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Indian women, and especially Dalit women owe their literacy to intersectional feminist Savitribai Phule. A tribute on her 191st birth anniversary.
I was 14 when my husband died
A man I barely knew.
A man who’s life mine was linked to.
I was forced to
She rescued me.
Allowed me to have my child.
She taught me to read
Made me a teacher
Stood me on my feet.
Helped me marry the man I loved.
I owed everything to her
I would have given my life for her.
But the guilt remained.
One day, it burst forth-
“Tai, I silently watched
while my sisters
threw stones at you”,
“I know”, she said.
Savitribai Phule was born on Jan 3, 1897.
An illiterate girl from a lower caste, married off when still a child, she went on to become one of modern India’s first female teachers, and founded a school for girls which rivalled those run by the government for young boys.
A staunch feminist and an anti-caste advocate, she dedicated her life to the upliftment of women and to the abolition of the caste system. Her protests earned her the active animosity of Brahmins, who saw her as a threat to the privileges they took for granted. Yet, most of the battles she fought were against unjust practices that affected Brahmin women the most. She could have chosen to look away, and only work to benefit the women of her caste. But she didn’t, because she realized that women couldn’t be free, unless all women were free.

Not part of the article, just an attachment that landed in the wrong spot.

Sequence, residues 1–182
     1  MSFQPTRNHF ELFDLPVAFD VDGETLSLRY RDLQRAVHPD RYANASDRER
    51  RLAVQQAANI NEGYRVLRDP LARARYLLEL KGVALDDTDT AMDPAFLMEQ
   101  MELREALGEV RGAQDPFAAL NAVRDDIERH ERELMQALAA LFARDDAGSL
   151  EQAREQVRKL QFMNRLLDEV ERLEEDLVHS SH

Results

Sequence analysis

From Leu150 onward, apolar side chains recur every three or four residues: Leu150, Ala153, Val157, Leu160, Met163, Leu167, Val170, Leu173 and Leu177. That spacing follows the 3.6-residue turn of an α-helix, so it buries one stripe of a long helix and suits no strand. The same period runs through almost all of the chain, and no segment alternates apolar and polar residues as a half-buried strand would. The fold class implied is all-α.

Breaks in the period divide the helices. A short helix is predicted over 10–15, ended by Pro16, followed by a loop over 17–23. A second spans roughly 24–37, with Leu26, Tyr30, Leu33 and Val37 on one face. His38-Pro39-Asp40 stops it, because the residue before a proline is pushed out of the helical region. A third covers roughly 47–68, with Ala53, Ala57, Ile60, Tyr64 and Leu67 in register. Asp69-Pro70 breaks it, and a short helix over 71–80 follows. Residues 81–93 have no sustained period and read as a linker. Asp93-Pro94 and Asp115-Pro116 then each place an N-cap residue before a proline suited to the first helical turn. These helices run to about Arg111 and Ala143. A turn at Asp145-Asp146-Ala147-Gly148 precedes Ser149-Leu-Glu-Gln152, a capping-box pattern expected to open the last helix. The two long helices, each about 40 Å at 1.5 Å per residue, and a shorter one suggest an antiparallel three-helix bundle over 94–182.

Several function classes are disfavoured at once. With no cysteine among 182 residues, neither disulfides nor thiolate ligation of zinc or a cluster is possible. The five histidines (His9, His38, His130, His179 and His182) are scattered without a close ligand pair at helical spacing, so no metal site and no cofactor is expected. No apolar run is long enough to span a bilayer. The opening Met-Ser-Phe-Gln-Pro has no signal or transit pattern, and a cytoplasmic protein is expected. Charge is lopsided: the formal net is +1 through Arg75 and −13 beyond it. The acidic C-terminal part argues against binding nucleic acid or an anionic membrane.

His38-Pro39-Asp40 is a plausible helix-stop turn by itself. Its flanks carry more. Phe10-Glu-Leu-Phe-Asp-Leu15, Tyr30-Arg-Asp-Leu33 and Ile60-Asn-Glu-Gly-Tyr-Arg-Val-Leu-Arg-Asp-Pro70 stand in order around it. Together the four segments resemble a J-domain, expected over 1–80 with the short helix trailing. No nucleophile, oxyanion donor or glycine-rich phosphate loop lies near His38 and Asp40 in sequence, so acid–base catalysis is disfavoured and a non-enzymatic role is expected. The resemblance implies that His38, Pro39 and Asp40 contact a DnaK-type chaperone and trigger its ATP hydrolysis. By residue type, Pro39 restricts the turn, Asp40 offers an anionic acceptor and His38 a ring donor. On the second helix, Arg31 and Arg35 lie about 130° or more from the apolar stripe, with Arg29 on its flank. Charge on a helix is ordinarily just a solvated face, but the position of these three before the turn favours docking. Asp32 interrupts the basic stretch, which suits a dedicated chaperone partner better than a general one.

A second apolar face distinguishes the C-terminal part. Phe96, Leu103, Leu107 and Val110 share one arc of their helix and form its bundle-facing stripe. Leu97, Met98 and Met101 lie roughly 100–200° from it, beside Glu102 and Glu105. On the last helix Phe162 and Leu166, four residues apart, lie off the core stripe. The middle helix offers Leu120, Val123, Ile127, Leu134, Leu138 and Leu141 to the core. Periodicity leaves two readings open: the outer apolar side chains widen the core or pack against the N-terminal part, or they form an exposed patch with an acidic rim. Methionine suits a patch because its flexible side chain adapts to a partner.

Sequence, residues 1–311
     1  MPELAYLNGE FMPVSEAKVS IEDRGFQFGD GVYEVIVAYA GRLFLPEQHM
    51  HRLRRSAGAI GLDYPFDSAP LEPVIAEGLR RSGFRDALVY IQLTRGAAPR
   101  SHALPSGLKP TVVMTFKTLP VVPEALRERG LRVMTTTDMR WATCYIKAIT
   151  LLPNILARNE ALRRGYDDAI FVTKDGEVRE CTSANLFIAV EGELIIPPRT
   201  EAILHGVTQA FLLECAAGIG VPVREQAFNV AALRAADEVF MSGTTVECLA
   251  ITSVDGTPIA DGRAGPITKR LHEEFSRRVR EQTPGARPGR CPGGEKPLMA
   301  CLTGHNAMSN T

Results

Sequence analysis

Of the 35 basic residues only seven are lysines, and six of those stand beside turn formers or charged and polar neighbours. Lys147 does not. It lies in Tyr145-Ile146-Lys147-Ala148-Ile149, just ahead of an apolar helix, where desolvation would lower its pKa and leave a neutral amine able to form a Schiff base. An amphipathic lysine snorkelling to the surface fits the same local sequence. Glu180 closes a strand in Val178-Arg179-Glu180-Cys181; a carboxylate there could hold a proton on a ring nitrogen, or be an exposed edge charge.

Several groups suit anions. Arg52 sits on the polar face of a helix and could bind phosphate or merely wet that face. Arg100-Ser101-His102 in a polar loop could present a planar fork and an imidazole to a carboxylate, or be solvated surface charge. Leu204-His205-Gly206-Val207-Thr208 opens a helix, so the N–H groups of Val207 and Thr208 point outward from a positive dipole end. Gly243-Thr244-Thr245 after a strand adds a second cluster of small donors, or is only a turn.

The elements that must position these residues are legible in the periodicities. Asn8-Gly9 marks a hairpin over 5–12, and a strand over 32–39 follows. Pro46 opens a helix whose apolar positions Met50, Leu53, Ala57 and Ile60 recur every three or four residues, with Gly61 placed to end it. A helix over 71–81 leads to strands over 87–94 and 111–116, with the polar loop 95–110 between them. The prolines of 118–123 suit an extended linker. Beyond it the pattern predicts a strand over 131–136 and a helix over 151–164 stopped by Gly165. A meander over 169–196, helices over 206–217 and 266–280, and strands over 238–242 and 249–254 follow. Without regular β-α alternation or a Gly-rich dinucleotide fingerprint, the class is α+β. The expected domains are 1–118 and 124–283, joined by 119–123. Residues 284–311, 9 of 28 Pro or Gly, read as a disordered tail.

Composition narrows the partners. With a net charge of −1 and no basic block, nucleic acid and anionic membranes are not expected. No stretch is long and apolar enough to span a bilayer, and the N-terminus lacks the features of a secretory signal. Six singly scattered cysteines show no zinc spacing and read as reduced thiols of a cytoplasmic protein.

Long before the term ‘intersectional feminism’ was coined, Savitribai Phule was an intersectional feminist.
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Natasha works in the development sector, where most of her experience has been in Education and Livelihoods. She is passionate about working towards gender equity, sustainability and positive climate action. And avid reader and occasional read more...
Women's Web is an open platform that publishes a diversity of views, individual posts do not necessarily represent the platform's views and opinions at all times.
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What I loved was how there is so much in the movie of the SRK we have known, and also a totally new star. The gestures, the smile, the wit and the charisma are all too familiar, but you also witness a rawness, an edginess.
When a movie that got the entire nation in a twist – for the right and wrong reasons – hits the theatres, there is bound to be noise. From ‘I am going to watch it – first day first show’ to ‘Boycott the movie and make it a flop’, social media has been a furore of posts.
Let me get one thing straight here – I did not watch Pathaan to make a statement or to simply rebel as people would put it. I went to watch it for the sheer pleasure of witnessing my favourite superstar in all his glory being what he is best at being – his magnificent self. Because when it comes to screen presence, he burns it, melts it and then resurrects it as well like no other. Because when it comes to style and passion, he owns it like a boss. Because SRK is, in a way, my last connecting point to the girl that I once was. Though I have evolved into so many more things over the years, I don’t think I am ready to let go of that girl fully yet.
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